Simply put, it’s a widespread, serious public health issue.

How Can You Prevent High Cholesterol?

Your liver produces all the cholesterol your body needs.[9] As such, consuming too much of the wrong foods can easily lead to high cholesterol levels. That’s why diet is a major factor for keeping your cholesterol levels in check.

  • Reduce your intake of saturated and trans fats: Saturated and trans fats tend to raise LDL (bad) cholesterol levels.[10] Reducing these fats means limiting your intake of red meat, fatty cuts of meat, processed meat, full-fat dairy products, fried foods, certain baked goods, and solid fats like shortening, margarine, and lard. If you eat animal products, opt for shellfish, lean meats, low-fat dairy products, and a moderate amount of eggs.
  • Eat a diet centered around fruits, vegetables, and whole grains: Make plant-based foods the stars of your meals. These foods don’t contain saturated fats and are high in vitamins, minerals, and fiber.

Non-diet-related tips that can further help you maintain healthy cholesterol levels include: 

  • Being active daily: A sedentary lifestyle lowers HDL (good) cholesterol.[11] Aim to get at least 150 minutes of moderate physical activity each week.
  • Avoiding smoking: Smoking damages your blood vessels, speeds up the hardening of arteries, and dramatically increases your risk of heart disease.[12]
  • Maintaining a healthy weight: Being overweight tends to raise bad cholesterol and lower good cholesterol.[13]
  • Asking your doctor about medication: While lifestyle changes are always the best option, blood pressure medication can help control your cholesterol levels while you work on improving your diet and lifestyle.

Managing Cholesterol: Final Thoughts  

High cholesterol is a serious, common medical condition, but the good news is that, in most cases, it’s reversible with healthy lifestyle changes. 

If you’re looking for a way to take charge of your cholesterol levels and overall health, consider becoming a Knew Health member. With Knew Health, standard preventative care, including lab work, is covered thanks to medical cost sharing—an arrangement whereby members agree to share medical expenses through voluntary giving. 

Knew Health members also receive a number of perks, including discounted supplements, discounted lab work, and health coaching. Make healthy lifestyle changes now and avoid costly, chronic medical conditions with the help of Knew Health. 


  1. What is cholesterol? (2022, June 2). Retrieved August 30, 2022, from
  2. Cholesterol, triglycerides, and associated lipoproteins – NCBI bookshelf. (n.d.). Retrieved August 30, 2022, from
  3. Centers for Disease Control and Prevention. (2020, January 31). LDL & HDL: Good & Bad Cholesterol. Centers for Disease Control and Prevention. Retrieved August 30, 2022, from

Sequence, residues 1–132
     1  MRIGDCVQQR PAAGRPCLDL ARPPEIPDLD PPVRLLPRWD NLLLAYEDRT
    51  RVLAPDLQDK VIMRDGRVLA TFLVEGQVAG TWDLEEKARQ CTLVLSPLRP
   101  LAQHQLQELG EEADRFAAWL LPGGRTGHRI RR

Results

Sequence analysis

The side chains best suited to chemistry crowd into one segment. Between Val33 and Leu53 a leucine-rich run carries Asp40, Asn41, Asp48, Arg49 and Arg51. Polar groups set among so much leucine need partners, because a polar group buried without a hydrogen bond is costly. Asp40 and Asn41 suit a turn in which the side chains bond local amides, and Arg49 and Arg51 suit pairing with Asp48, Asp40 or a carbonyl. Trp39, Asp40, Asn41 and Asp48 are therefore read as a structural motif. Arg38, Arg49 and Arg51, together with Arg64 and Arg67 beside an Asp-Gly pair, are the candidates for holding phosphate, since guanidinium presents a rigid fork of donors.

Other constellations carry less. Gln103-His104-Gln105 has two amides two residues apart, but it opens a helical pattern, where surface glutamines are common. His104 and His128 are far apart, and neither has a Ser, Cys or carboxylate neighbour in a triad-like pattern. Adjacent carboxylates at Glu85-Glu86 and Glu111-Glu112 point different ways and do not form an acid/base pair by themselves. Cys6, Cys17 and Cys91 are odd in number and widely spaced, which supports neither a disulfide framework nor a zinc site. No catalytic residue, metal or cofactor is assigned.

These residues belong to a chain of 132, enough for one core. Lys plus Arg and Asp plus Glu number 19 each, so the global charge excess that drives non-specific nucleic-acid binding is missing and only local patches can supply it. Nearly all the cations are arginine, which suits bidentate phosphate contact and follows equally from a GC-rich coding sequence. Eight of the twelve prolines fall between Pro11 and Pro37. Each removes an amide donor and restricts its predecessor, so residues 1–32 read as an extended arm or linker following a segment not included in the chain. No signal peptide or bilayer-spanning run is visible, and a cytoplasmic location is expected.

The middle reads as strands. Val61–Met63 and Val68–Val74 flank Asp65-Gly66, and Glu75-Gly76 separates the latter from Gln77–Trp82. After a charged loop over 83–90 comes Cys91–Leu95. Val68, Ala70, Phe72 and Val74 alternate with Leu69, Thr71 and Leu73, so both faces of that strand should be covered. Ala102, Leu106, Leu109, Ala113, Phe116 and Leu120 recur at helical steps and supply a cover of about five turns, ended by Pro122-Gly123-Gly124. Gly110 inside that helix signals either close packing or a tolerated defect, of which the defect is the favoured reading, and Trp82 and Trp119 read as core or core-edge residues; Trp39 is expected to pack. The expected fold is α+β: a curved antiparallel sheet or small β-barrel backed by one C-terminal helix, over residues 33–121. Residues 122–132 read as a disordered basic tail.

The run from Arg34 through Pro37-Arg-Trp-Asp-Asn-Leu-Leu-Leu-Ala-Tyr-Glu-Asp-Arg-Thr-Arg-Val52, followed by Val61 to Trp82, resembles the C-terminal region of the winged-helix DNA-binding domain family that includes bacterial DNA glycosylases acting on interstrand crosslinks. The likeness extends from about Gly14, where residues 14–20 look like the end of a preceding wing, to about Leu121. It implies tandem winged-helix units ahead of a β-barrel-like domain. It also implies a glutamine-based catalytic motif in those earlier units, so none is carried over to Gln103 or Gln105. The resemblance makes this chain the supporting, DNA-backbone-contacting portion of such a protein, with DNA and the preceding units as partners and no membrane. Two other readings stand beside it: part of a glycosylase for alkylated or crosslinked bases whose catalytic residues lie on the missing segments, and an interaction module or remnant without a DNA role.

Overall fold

4. High cholesterol: Causes, symptoms and how it affects the body. Cleveland Clinic. (n.d.). Retrieved August 30, 2022, from
  5. HDL (good), LDL (bad) cholesterol and triglycerides. (2022, June 20). Retrieved August 30, 2022, from
  6. What your cholesterol levels mean. (2022, May 12). Retrieved August 30, 2022, from
  7. Lipid panel. Johns Hopkins Medicine. (2020, December 4). Retrieved August 30, 2022, from,or%20above%20240%20mg%2FdL
  8. Centers for Disease Control and Prevention. (2022, July 12). High cholesterol facts. Centers for Disease Control and Prevention. Retrieved August 30, 2022, from,-In%202015%E2%80%932018&text=Slightly%20more%20than%20half%20of,medicine%20are%20currently%20taking%20it.&text=Nearly%2094%20million%20U.S.%20adults
  9. Cholesterol in the blood. Johns Hopkins Medicine. (2021, August 8). Retrieved August 30, 2022, from,low%2Ddensity%20lipoprotein)%20cholesterol%3F
  10. Mayo Foundation for Medical Education and Research. (2021, April 8). Learn the facts about fat. Mayo Clinic. Retrieved August 30, 2022, from,of%20heart%20disease%20and%20stroke.
  11. Prevention and treatment of high cholesterol (hyperlipidemia). (2022, August 23). Retrieved August 30, 2022, from,cholesterol%20and%20high%20blood%20pressure
  12. Products, C. for T. (n.d.). How smoking affects heart health. U.S. Food and Drug Administration. Retrieved August 30, 2022, from
  13. Common misconceptions about cholesterol. (2021, May 7). Retrieved August 30, 2022, from

Disclaimer: This information is being provided to you for educational and informational purposes only. It is being provided to educate you about how to take care of your body and as a self-help tool for your own use so that you can reach your own health goals. It is not intended to treat or cure any specific illness and is not to replace the guidance provided by your own medical practitioner. This information is to be used at your own risk based on your own judgment. If you suspect you have a medical problem, we urge you to take appropriate action by seeking medical attention.